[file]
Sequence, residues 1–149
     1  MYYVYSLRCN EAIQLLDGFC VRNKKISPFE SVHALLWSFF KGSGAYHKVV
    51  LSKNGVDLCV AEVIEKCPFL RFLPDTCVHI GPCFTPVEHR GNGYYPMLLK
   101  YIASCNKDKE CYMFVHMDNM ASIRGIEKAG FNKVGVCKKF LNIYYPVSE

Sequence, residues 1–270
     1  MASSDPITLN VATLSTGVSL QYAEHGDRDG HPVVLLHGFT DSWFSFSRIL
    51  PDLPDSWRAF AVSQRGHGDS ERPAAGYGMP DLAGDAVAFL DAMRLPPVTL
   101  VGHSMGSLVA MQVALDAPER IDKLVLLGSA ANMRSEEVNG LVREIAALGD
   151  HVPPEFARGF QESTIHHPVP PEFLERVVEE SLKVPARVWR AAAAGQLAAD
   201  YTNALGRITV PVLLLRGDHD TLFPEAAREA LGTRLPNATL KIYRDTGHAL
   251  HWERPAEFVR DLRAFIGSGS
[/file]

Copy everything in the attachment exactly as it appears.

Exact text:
Sequence, residues 1–149
     1  MYYVYSLRCN EAIQLLDGFC VRNKKISPFE SVHALLWSFF KGSGAYHKVV
    51  LSKNGVDLCV AEVIEKCPFL RFLPDTCVHI GPCFTPVEHR GNGYYPMLLK
   101  YIASCNKDKE CYMFVHMDNM ASIRGIEKAG FNKVGVCKKF LNIYYPVSE

Sequence, residues 1–270
     1  MASSDPITLN VATLSTGVSL QYAEHGDRDG HPVVLLHGFT DSWFSFSRIL
    51  PDLPDSWRAF AVSQRGHGDS ERPAAGYGMP DLAGDAVAFL DAMRLPPVTL
   101  VGHSMGSLVA MQVALDAPER IDKLVLLGSA ANMRSEEVNG LVREIAALGD
   151  HVPPEFARGF QESTIHHPVP PEFLERVVEE SLKVPARVWR AAAAGQLAAD
   201  YTNALGRITV PVLLLRGDHD TLFPEAAREA LGTRLPNATL KIYRDTGHAL
   251  HWERPAEFVR DLRAFIGSGS